While financial institutions have templates on which they base their personal loan contracts, you’ll have to draw up your own if you’re borrowing from another individual.
Depending on how complicated your personal circumstances are, you may feel you need to hire a lawyer to guide you through the process. However, the do-it-yourself approach is perfectly acceptable and just as legally enforceable. Once you have both agreed on the terms, you may want to have the personal loan contract notarized or ask a third party to act as a witness during the signing.
It’s a good idea to get together to not only hammer out the basics but also agree on a contingency plan in a worst-case scenario. This can include answers to questions such as:
- What happens if the borrower can’t keep up with payments?
- What fees and penalties would be acceptable to both of you?
- What occurs if the borrower becomes disabled or dies?
Where can you find a personal loan agreement template?
There’s no shortage of free or inexpensive templates online to help you draft a personal loan agreement. While not all personal loan agreement templates may be applicable to your situation, they could guide you and ensure you haven’t forgotten important points. Here are a couple of sites to consider:
FAQ: Personal loan agreements
What kind of lenders require personal loan agreements?
Financial institutions offering personal loans will most likely require you to sign a personal loan agreement. These can include:
However, an informal lender like a friend or family member may also, at their discretion, require you to draft and sign an agreement.
Is a personal loan contract legally binding?
A personal loan contract is a legally binding document regardless of whether the lender is a financial institution or another person. The consequences are the same if you default on the contract. As a borrower, you could be sued by the lender or lose the asset or assets used to secure the loan.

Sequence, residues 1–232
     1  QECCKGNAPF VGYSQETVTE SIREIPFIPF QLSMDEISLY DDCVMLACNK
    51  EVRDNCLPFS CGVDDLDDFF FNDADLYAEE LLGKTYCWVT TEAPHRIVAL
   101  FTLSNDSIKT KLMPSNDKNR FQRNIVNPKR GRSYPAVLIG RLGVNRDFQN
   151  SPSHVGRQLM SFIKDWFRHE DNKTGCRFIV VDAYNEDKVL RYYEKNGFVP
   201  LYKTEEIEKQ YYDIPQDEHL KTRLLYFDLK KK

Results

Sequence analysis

Can the terms of a personal loan agreement be adjusted after it’s signed by both parties?
Some lenders may be open to restructuring terms if you can prove economic hardship. However, that is up to the discretion of the lender.
Would the process be the same for drafting a friendly loan agreement format?
Friends and family may be more flexible than traditional lenders. But it’s important that any changes are documented (more on this soon), agreed to in writing by both parties and attached to the original agreement.
Are there family loan agreement templates available online?
There are family loan agreement templates available online. You can find some examples at these sites:
What needs to be included in a personal loan contract with collateral involved?
A loan agreement that involves collateral should include a clause on what could happen to the asset if the borrower defaults on the loan. It should clearly outline the circumstances under which the collateral could be forfeited to the lender.
Should you document a personal loan agreement?
For a personal loan agreement to be enforceable, it must be documented in writing and signed by both parties. You may choose to keep a copy in your county recorder’s office if you wish, though it’s not legally necessary. It’s sufficient for both parties to store their own copy, ideally in a safe place.